BACKGROUND: Since magnetic resonance imaging (MRI) is a method of choice for establishing the correct diagnosis in a great majority of neurologic disorders, especially in detection the causes of seizures and both acute and slowly progressive neurologic disturbances, computerized tomography is becoming more frequently excluded from obligate spectrum of diagnostic protocol.
METHODS: MRI was performed on 1.5 T MR scanner in two patients, in one suffering from pseudohypoparathyroidism, and in another with Fahr disease, while CT was initially excluded from the diagnostic protocol. In third patient, 11-year-old boy with hypercalcemia, both CT and MRI were indicated because of seizure attack.
RESULTS: Completely normal appearing brain parenchyma was seen on T2W images in a patient with clinical diagnosis of pseudohypoparathyroidism while extensive intracerebral calcifications were noted after additionally performed computerized tomography of the brain. In another patient with Fahr disease and neurologic symptoms, extensive calcifications were evident on CT, while MR examination had revealed bilateral symmetric lesions of prolonged T2W signal in the basal ganglia, supratentorial white matter and cerebellum, most compatible toxic/metabolic demyelination. In the third patient, a boy with hypercalcemia, marked left parietal cortical calcification was noted on CT, while MRI, including T2 gradient-echo sequence was inconclusive.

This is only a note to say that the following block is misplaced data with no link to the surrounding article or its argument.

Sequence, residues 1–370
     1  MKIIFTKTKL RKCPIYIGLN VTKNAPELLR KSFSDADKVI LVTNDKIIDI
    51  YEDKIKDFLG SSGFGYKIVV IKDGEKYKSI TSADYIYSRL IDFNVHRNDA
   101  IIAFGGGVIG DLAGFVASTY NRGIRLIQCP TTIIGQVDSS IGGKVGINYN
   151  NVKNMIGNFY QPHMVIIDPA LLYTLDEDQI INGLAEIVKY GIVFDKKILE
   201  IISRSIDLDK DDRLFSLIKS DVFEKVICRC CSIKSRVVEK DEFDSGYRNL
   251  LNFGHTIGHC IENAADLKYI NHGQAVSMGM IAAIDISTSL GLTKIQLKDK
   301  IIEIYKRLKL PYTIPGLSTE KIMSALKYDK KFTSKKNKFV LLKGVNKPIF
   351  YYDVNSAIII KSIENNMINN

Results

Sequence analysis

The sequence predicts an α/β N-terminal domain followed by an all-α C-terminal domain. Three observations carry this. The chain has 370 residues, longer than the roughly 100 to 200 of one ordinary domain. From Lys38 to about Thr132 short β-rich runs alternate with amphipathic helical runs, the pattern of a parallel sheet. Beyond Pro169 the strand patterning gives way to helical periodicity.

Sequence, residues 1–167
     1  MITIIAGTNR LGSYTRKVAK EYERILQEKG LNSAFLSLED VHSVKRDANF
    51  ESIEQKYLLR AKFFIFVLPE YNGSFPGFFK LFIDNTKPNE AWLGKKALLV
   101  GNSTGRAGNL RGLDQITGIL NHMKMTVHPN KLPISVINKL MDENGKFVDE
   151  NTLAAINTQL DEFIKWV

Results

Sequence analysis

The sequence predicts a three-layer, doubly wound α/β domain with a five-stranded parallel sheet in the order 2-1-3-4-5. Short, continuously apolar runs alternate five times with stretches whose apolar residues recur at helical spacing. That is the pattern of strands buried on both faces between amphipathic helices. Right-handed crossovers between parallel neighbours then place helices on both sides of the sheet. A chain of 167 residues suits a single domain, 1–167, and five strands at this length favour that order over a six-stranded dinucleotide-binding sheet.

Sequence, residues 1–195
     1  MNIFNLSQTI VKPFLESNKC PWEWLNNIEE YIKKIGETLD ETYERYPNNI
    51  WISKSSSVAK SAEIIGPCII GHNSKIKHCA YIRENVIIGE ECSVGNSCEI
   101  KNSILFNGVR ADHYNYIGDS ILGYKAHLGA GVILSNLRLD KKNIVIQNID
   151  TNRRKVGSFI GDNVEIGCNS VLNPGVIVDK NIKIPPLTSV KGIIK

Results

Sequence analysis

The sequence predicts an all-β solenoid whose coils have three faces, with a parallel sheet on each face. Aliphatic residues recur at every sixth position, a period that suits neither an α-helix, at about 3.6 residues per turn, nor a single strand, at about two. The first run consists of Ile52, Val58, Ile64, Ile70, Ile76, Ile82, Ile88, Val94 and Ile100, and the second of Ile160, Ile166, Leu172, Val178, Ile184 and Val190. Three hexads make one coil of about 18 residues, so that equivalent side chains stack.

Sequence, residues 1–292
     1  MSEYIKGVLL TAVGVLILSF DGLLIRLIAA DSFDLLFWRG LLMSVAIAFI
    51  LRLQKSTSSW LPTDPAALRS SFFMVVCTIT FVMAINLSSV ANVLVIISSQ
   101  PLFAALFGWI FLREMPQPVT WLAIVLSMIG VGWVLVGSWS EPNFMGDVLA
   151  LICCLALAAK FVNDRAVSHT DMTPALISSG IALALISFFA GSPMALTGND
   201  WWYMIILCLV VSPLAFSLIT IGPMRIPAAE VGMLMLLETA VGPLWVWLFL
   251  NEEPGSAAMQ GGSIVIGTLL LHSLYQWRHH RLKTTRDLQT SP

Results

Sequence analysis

CONCLUSIONS: MRI, without CT, can be not only confusing, but even misleading diagnostic modality for detection of not only subtle, but also extensive cerebral calcifications. The benefit of gradient-echo T2 sequence, that is usually included in MR protocol when intracranial calcifications are suspected, is also rather limited.